That brings us to the next question...
The short answer here is "yes". But short answers don't meet the demands of "publish or perish", nor do they spur any thought.
There are several reasons for an affirmative answer to this question. First is the reality that God doesn't maintain our dichotomy about internal and external things. We, who can only see external things, make a distinction between the invisible and the visible. God is not like us. He knows all and sees all simultaneously, so He clearly understands the inner workings of the human heart and mind and sees the precise linkage that it has with the external trappings. Thus, when people think that God doesn't care about appearances, they dismiss Him as the omniscient observer of all. Because God cares about motives, He also cares about what those motives produce. When the appearances are deceptive, God holds the deceiver accountable for his/her identity as a liar, and when the appearances are a reflection of the truth, God commends the person for integrity. So, God cares about our appearances because He cares about integrity.
Second, God cares about external appearances because He cares about what happens to those who are responding to them. We only have appearances to go by. We make decisions all the time on the basis of what we see and understand from the appearances of things. When those appearances are a deception about reality, our decisions take us down paths we didn't want to go. Therefore, when an appearance is deceptive, God cares because He knows that it will lead to bad decisions and that will lead to bad experiences. On the other hand, when the appearances are a valid expression of the hidden, we make good decisions that take us where we wanted to go. That pleases God.
Third, God cares about appearances because He cares about what happens to those who are generating them. God knows that people respond on the basis of appearance, so He wants us to be sure that we give the correct impressions so that people will be able to respond to us according to the truth.
Thus, because God cares about both the perpetrator of appearances and the responder to appearances, He cares about the appearances themselves. And as we said at the first, He knows no dichotomy between what to us is invisible and what is visible.
That brings us to the fourth question...
It has to. It is the "body" of Christ. His speech in the world comes primarily through the Church. Without its lips, He does not speak. So, what should It say? Many things...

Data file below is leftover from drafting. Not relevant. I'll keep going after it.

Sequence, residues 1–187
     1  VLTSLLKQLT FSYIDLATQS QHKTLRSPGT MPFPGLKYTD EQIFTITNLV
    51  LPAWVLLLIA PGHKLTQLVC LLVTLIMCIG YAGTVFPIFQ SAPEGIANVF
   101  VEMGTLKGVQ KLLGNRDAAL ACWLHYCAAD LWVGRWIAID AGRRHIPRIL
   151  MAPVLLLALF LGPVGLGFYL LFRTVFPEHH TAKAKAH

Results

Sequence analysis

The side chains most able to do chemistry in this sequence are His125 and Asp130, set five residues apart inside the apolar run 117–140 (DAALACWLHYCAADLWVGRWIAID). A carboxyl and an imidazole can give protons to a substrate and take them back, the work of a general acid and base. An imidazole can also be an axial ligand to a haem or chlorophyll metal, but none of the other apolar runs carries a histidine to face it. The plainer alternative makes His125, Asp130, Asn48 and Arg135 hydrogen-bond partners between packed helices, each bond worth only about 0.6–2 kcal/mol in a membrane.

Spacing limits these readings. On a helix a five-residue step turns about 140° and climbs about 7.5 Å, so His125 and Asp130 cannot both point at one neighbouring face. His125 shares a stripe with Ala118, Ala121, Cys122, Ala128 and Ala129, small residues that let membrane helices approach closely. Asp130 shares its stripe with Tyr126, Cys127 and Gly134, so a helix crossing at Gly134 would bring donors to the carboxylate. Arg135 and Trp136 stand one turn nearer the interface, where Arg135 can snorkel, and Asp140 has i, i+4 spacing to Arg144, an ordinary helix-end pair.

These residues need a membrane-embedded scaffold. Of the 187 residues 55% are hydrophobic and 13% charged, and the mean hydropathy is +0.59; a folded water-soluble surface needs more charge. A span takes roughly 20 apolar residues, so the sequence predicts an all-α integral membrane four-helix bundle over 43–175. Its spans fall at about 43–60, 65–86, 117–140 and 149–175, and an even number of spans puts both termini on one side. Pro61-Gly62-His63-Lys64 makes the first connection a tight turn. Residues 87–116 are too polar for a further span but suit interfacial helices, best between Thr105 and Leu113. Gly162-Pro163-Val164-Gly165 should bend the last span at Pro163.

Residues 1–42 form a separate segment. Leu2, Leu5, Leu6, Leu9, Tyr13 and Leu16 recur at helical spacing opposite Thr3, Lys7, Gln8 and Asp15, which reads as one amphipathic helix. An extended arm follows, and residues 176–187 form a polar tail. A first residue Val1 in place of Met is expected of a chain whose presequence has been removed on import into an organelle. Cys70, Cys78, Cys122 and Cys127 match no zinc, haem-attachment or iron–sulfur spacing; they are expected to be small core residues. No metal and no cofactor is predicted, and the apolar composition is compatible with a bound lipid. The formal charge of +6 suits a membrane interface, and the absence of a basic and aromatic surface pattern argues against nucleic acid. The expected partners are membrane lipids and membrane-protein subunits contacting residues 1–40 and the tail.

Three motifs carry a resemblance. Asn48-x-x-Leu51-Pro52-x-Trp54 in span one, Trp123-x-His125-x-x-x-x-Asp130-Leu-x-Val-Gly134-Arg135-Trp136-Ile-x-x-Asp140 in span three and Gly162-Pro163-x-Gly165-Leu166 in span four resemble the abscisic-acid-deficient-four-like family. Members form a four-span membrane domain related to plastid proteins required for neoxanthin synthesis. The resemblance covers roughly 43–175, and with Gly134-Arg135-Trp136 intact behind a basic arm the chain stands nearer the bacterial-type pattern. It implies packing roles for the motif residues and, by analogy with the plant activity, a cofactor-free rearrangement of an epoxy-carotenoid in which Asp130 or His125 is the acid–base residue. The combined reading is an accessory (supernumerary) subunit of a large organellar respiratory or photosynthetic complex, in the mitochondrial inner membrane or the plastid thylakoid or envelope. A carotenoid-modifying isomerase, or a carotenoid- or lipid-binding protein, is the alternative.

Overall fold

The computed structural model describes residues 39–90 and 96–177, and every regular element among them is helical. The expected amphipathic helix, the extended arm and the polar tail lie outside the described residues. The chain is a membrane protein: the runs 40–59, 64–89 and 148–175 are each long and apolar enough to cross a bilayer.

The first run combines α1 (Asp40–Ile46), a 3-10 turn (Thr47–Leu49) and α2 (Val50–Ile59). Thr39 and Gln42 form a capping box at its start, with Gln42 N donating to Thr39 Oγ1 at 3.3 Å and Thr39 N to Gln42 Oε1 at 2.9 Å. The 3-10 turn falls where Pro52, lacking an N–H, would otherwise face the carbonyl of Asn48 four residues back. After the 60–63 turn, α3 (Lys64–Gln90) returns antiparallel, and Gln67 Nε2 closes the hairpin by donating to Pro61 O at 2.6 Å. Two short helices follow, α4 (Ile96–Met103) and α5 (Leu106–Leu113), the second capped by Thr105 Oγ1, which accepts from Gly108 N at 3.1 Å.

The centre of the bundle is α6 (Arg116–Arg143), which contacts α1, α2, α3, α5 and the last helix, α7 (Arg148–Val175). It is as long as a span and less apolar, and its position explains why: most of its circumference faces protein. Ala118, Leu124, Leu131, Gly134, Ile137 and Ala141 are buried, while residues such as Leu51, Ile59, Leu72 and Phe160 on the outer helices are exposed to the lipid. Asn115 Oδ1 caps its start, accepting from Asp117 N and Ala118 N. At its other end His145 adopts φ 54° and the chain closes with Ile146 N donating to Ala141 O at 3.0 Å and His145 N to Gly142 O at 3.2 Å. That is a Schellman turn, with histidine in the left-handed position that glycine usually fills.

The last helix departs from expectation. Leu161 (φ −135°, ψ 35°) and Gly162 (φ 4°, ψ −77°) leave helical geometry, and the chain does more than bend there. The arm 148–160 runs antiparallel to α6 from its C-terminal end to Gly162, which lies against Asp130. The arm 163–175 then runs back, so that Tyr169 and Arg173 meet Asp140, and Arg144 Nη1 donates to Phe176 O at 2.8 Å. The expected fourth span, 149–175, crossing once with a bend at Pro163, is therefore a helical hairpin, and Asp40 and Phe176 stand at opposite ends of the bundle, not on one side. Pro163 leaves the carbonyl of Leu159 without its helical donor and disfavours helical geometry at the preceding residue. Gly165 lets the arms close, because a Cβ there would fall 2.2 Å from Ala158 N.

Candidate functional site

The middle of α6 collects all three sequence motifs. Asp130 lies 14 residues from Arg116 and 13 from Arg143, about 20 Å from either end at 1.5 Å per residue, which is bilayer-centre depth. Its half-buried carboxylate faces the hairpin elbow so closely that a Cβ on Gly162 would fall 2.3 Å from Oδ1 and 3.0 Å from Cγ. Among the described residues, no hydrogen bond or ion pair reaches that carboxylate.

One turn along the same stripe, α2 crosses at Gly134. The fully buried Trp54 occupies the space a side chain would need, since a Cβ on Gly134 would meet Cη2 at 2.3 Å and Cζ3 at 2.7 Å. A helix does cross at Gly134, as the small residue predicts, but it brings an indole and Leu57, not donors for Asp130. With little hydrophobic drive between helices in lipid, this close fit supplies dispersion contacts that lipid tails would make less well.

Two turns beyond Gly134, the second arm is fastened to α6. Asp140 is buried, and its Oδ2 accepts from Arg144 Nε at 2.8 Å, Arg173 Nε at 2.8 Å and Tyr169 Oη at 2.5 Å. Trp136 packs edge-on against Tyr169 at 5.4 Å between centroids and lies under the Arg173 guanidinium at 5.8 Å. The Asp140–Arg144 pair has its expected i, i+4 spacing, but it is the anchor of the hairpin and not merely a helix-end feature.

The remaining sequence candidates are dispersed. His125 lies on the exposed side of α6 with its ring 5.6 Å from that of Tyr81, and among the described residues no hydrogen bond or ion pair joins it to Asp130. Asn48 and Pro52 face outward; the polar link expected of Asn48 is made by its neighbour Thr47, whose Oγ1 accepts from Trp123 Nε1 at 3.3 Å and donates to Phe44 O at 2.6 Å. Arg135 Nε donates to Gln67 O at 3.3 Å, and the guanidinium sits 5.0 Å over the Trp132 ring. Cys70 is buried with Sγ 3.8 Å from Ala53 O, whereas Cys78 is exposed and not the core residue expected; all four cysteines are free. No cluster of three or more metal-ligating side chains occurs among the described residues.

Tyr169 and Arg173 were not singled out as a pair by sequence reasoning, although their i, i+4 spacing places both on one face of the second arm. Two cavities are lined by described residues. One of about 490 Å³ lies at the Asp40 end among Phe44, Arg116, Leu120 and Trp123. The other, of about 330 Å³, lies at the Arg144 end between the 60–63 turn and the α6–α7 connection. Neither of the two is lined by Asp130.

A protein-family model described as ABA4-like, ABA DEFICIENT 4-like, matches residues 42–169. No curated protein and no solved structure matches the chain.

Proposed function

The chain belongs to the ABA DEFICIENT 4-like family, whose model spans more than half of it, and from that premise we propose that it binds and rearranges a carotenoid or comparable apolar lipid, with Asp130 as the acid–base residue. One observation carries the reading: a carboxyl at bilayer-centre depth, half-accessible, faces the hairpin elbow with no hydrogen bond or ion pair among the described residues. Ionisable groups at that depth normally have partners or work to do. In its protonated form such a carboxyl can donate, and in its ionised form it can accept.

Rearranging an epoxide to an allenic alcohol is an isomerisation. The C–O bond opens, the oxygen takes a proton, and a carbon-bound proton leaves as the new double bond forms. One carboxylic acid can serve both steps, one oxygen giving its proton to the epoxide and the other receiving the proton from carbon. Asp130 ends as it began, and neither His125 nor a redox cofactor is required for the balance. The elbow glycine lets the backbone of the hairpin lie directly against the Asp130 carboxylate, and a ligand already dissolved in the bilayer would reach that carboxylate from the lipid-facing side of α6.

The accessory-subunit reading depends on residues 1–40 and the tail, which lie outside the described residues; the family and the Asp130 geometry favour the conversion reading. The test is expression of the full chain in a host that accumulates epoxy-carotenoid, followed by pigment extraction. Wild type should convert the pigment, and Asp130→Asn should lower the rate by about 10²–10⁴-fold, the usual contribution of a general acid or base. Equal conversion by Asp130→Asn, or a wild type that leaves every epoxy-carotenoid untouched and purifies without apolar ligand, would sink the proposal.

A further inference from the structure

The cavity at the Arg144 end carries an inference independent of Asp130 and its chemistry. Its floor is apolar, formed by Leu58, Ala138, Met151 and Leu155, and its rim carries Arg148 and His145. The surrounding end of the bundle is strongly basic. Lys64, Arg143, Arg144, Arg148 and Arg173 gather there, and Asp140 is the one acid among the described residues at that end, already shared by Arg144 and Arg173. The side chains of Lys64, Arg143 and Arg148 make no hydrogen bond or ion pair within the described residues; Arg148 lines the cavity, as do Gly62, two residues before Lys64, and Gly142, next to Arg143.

It should say to the one who dresses casual that casual dress says a great deal about a casual attitude. It should say to the one who over-dresses that ostentation is self-promoting, not God-promoting. It should say to the slovenly that slovenliness is not a virtue in God's eyes. It should say to the meticulous that perfectionism is impossible for men and denotes a delusion about what we are really like. It should say to the seductively dressed that seduction is anathema to God. It should say to the outlandish that rebellion is as the sin of witchcraft. It should say to the insecure that God accepts us according to what we have to wear, not what others have to wear. It should say to the arrogant that clothes cannot compensate for the evil that is a part of our warp and woof. In other words, the Church should hold us to the reality that God sees all: He knows, on every occasion, both what we choose to wear and why.
In these days of "dress down Friday", grunge, wringled t-shirts and deliberately threadbare jeans, the Church as the people of God have an obligation to dress according to reality. The Church is not called to call attention to itself, so its method of dress should be bland enough, modest enough, conformist enough, and respectful enough to fit its occasions. If its members are intent on a target audience that is characterized by long hair, bushy beards, and black leathers, it ought not to show up in a carefully groomed three-piece suit. But if its target audience is characterized by carefully groomed three-piece suits, it ought not to show up in wrinkled t-shirts and bare feet. At no time should the dress considerations be "with what am I most comfortable?" with the exception of personally private settings. The consideration should always be "with what will my observers be most comfortable within the boundaries of modesty?" without forgetting that God is the Primary Observer.